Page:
Limbaugh: Jobless must suffer

According to Rush, the unemployed would go back to work if their unemployment benefits weren't so posh

Published July 14, 2012 8:00PM (EDT)

This article originally appeared on AlterNet.

When official unemployment's been over 8 percent for over three years, it can be hard to keep focused on the crisis. The endless repetition of jobs statistics can become numbing. But the people struggling every day with the realities of joblessness don't need the reminder. They're living the crisis, day in and day out.


So imagine how they felt when Rush Limbaugh, self-proclaimed patron saint of the everyday Joe who's being kept down by the Man (never mind that in his case the Man is represented by liberals who might want to, you know, create jobs or raise the minimum wage) declared this week:

“The sad truth is that employment is not pivotal...No job, no employment, no pain. For a whole heck of a lot of people whose expectations for themselves are not very high....There are no jobs, and yet they're still eating. I'm telling you, there's a new reality out there....Because it's not resulting in that much pain, not nearly as much as it used to....The so-called victims of the unemployment circumstance are not suffering as unemployed people in the past did.”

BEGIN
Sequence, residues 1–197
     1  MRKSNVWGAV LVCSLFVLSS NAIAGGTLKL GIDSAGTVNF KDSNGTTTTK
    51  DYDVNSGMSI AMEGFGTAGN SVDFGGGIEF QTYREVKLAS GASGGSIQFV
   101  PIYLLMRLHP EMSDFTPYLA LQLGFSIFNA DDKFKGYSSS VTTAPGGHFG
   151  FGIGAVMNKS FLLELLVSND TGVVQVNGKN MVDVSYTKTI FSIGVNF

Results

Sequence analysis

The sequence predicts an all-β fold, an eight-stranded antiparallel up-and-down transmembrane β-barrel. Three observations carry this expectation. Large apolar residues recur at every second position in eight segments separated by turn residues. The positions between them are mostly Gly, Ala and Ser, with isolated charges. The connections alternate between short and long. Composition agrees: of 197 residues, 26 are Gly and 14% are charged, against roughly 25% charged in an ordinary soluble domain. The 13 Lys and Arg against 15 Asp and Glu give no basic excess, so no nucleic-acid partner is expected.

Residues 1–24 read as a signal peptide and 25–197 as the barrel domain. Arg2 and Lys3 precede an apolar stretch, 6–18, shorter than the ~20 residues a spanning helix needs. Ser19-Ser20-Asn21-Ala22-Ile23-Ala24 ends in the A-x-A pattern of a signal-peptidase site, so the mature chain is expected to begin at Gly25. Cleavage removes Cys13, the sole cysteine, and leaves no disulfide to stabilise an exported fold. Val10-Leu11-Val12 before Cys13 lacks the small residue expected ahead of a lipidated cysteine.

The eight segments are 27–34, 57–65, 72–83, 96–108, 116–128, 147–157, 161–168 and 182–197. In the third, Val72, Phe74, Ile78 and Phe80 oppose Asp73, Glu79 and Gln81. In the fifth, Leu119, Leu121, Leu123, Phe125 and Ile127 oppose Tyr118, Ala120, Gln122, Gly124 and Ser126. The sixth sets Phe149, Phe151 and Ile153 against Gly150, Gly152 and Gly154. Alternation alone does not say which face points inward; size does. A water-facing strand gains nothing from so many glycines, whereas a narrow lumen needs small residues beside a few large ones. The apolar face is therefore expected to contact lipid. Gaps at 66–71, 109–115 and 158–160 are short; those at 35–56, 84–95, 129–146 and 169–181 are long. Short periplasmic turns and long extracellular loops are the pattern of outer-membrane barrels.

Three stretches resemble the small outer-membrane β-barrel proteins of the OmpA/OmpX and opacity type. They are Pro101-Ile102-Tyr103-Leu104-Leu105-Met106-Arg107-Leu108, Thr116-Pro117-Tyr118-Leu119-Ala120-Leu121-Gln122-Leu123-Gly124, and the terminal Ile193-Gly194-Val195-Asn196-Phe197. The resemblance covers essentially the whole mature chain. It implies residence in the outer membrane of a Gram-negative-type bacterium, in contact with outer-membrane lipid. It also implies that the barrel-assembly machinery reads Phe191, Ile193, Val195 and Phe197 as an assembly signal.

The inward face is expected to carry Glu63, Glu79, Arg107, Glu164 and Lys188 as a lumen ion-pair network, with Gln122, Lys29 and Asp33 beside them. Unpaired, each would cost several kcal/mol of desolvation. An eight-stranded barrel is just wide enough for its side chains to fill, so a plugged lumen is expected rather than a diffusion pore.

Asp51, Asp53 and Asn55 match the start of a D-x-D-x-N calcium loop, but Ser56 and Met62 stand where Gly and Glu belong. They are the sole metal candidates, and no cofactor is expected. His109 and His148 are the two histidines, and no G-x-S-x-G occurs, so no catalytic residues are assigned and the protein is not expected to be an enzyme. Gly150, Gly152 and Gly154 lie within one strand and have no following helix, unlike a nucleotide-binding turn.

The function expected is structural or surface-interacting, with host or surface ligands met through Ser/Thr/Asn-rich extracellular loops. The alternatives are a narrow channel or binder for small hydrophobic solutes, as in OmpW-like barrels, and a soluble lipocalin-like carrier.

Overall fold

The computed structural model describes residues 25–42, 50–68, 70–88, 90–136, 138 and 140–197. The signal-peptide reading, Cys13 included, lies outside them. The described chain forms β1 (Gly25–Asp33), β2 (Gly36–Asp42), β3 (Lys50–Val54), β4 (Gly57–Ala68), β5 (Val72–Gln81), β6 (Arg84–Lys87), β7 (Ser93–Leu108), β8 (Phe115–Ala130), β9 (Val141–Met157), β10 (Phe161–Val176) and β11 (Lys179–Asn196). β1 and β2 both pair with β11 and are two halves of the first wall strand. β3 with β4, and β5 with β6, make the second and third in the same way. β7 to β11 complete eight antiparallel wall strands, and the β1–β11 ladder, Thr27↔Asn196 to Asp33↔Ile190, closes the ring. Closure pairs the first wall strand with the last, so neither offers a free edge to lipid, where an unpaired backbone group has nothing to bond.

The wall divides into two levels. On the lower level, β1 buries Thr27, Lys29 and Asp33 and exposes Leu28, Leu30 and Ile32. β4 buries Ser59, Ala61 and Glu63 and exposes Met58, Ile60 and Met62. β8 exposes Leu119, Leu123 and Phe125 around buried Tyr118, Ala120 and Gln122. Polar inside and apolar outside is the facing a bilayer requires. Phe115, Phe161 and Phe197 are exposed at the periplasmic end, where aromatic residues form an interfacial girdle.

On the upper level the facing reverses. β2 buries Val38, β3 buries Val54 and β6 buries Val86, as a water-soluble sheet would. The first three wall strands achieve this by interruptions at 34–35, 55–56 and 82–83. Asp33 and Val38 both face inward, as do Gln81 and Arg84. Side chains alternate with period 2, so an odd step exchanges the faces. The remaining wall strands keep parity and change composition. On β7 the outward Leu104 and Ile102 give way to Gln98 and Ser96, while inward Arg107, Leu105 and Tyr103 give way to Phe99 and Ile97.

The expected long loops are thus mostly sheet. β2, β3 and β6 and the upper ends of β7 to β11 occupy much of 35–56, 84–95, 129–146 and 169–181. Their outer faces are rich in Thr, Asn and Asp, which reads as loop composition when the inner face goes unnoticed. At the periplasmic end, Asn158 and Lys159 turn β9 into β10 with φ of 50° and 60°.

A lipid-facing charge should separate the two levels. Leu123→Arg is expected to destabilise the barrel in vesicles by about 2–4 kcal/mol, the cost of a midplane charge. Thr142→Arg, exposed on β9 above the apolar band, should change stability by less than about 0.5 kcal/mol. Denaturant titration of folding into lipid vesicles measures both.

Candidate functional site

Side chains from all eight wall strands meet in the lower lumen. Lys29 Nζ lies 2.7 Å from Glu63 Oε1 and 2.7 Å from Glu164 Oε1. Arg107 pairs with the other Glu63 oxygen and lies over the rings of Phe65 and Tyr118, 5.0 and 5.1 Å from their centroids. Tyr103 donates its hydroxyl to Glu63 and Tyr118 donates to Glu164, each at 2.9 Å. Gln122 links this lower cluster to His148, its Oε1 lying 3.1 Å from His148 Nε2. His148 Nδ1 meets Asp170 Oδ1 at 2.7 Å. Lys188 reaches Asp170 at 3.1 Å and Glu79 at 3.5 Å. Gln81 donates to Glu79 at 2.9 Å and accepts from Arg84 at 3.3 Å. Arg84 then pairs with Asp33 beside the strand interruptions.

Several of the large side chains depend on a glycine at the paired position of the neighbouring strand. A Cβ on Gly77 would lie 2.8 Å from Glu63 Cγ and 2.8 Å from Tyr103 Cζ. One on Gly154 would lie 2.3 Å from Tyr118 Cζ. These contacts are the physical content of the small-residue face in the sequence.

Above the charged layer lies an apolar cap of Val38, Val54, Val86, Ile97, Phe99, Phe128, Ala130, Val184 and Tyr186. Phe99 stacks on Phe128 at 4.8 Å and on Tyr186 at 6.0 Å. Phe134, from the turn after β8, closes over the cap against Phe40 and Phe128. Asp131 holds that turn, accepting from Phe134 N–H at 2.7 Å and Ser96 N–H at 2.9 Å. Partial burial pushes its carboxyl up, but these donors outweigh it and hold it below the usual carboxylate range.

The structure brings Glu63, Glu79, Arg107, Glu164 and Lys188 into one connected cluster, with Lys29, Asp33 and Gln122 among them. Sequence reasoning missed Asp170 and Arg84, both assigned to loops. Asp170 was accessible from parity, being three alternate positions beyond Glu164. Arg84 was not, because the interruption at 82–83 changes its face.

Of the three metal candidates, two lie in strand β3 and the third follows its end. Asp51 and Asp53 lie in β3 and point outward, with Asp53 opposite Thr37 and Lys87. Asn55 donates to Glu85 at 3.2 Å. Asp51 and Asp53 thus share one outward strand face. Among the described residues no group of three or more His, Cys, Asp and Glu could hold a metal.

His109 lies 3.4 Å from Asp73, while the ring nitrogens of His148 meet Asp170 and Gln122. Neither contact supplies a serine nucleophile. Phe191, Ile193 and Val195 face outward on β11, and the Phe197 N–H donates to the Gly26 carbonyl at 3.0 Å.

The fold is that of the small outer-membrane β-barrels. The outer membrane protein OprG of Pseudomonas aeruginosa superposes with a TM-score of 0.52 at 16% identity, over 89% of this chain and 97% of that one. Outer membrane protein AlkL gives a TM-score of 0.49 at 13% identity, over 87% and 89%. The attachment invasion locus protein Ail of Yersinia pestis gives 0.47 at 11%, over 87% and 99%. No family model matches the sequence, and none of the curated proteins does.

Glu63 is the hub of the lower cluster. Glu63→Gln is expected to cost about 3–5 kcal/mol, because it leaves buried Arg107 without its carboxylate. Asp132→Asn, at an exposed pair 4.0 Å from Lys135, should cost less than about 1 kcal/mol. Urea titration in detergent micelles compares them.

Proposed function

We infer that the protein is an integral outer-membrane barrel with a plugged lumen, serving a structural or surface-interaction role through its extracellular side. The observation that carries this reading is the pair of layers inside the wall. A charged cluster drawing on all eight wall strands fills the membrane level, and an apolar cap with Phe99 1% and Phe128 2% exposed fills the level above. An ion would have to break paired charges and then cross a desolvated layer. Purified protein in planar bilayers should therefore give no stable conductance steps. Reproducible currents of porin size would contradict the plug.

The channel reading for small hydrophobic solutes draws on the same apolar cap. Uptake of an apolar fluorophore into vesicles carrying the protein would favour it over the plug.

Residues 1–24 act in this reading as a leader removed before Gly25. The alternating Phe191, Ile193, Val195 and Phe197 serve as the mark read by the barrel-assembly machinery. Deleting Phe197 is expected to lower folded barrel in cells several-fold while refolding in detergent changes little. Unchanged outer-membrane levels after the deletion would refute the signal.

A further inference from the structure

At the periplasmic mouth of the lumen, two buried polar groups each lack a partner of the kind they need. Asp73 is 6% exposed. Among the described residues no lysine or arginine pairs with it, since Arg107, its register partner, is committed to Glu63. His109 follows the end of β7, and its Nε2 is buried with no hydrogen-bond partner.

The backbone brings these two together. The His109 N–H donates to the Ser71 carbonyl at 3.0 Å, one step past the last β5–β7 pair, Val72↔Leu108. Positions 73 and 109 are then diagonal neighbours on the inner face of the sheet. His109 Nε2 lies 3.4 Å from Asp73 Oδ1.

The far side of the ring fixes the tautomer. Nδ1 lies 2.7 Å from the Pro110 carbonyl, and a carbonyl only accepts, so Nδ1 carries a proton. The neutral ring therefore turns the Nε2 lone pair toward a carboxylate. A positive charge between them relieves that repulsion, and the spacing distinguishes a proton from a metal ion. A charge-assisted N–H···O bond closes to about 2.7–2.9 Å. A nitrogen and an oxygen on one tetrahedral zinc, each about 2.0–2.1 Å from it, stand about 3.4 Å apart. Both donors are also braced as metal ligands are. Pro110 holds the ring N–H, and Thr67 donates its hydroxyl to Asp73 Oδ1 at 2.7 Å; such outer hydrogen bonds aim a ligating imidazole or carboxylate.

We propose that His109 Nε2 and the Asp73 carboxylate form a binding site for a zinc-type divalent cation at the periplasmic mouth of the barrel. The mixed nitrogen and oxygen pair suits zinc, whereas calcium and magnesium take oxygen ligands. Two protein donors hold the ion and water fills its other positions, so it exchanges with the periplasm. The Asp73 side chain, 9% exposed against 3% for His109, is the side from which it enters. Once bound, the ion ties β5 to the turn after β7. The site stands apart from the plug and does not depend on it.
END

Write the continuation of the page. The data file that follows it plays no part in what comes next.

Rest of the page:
We are supposed to be cheered, I suppose, that Limbaugh says, “Not that I want them to!” Because of course Rush wouldn't actually be wishing suffering on those people “whose expectations for themselves are not very high.”

Where did all this come from? Limbaugh's warning Mitt Romney that he won't be able to win the election on jobs by continuing to point out the high unemployment rate. And not because Romney's personal record is one of slashing and burning jobs wherever he went. No, Limbaugh thinks that unemployment is still high because those unemployed folks are being coddled with food stamps and unemployment checks.